Arkansas Democrat Gazette
The state House of Representatives voted Monday to hold salaries and funding flat for people elected to the legislative, judicial and executive branches of state government in fiscal 2012.
House Bill 1063 provides money for elected officials – judges, constitutional officers, legislators, prosecutors – but not their staffs nor the rest of state government such as the agencies that provide human services, health programs, prisons, state police or higher education.
The state constitution (Article 5, Section 30) requires that the bill, known as the General Appropriation Bill, be the first appropriation enacted for fiscal 2012. It now goes to the Senate for consideration.
House Bill 1063 initially included a 1.86 percent cost of-living increase for prosecutors and judges that the Legislature’s Budget Committee stripped from the bill last week after some legislators questioned whether it is appropriate to provide raises to elected officials in a tight economy.
The action removed about $475,000 from the bill, which appropriates more than $35 million in total.
Gov. Mike Beebe has proposed a 1.86 percent raise for nonelected state employees. He cited good revenue collections. The committee will consider those raises later in the session.
Budget Co-Chairman Rep. Kathy Webb, D-Little Rock, said she doesn’t know what the rejection of salary increases for judges and prosecutors may mean for raises the governor wants for other state employees.
“I’ve got some members who have told me they’re not going to support any [cost of-living increases], regardless of what the pay level is, and I’ve got some members who’ve said they would support [cost-of-living increases] for the lower paid employees but not the higher paid,” Webb said. “Based on this first bill, I’m sure it will be a robust discussion, and that’s a good thing.”
State Budget Administrator Mike Stormes estimated 31,600 of the state’s more than 56,000 employees would receive the 1.86 percent cost-of living raise if it is approved by lawmakers.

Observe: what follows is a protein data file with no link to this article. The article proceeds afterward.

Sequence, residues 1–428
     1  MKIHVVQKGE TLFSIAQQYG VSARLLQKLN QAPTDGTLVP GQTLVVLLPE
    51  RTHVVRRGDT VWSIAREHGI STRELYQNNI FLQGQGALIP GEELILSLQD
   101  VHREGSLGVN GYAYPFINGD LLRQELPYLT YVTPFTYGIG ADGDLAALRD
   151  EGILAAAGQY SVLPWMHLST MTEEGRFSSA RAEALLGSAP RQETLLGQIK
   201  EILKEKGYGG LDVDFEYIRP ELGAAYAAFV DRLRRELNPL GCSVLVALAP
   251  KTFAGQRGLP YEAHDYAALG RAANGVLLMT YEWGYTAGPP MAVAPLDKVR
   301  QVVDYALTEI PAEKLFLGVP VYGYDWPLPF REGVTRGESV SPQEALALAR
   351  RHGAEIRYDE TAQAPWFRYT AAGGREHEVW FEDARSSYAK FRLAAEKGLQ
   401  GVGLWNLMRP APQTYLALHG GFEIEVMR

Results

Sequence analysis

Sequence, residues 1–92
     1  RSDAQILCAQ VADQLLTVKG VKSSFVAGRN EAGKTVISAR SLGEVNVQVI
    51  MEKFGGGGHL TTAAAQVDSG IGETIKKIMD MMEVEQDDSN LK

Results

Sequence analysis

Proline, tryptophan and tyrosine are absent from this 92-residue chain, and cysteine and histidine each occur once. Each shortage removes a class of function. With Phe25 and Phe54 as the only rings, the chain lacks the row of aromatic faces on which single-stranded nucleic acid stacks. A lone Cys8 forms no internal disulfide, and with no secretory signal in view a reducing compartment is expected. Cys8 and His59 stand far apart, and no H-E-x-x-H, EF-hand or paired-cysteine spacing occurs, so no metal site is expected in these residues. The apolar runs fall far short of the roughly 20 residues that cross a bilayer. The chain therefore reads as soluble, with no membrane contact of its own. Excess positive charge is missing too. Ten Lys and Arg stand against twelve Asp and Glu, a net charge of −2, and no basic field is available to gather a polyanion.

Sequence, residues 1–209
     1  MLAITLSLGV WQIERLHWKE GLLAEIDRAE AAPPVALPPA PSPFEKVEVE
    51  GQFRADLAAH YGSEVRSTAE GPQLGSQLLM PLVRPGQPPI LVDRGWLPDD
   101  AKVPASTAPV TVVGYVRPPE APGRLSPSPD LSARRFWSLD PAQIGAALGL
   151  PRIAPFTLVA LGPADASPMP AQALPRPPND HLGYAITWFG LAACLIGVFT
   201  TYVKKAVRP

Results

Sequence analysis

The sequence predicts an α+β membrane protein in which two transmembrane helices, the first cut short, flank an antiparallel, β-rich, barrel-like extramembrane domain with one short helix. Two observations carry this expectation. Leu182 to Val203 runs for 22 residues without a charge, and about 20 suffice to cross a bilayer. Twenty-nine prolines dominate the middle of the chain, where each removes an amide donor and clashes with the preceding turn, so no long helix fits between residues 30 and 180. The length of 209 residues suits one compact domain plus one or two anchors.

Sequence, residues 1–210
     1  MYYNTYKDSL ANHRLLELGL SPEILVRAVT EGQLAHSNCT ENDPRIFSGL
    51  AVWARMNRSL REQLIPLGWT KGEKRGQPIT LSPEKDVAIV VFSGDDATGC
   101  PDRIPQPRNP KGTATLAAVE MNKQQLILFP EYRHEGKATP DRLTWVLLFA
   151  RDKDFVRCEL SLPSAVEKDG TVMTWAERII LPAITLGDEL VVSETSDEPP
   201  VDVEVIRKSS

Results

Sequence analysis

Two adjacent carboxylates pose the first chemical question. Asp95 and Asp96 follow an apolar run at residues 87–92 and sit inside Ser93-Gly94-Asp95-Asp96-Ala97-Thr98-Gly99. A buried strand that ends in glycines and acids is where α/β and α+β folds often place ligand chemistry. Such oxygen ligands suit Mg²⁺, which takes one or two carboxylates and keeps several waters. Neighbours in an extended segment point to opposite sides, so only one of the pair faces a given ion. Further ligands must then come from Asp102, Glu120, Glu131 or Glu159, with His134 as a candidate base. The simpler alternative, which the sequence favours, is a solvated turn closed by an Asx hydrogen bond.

At least a dozen proposed tax cuts have been filed this session, a move Beebe has said the state cannot afford in the current economy.
Beebe proposed his own decrease, a 0.5 percentage point drop in the sales-tax rate on groceries. He has told lawmakers they have to find money in the budget to offset any new programs or further tax cuts.
Webb said some legislators may consider finding that money by not providing cost-of-living increases to state employees, a move she called dangerous.
“I would caution folks about choosing to use this as ‘found money’ because we don’t have [cost-of-living increases] in there every single year,” Webb said.
The Senate co-chairman of the Joint Budget Committee said he doesn’t expect an attempt in the Senate to amend the bill to insert the raises for prosecutors and judges.
“There are some discussions and thoughts about what we should do and not do, but I don’t really see that,” said Sen. Gilbert Baker, R-Conway.
Sen. Mary Anne Salmon, D-North Little Rock, said she didn’t expect an attempt to resurrect the raises for judges and prosecutors, either.
“It’s not good politics,” she said. “The public would have an uprising.”
On another matter, Sen. Jeremy Hutchinson, R-Little Rock, filed Senate Bill 129 to provide for the Senate to install audiovisual equipment to broadcast committee meetings.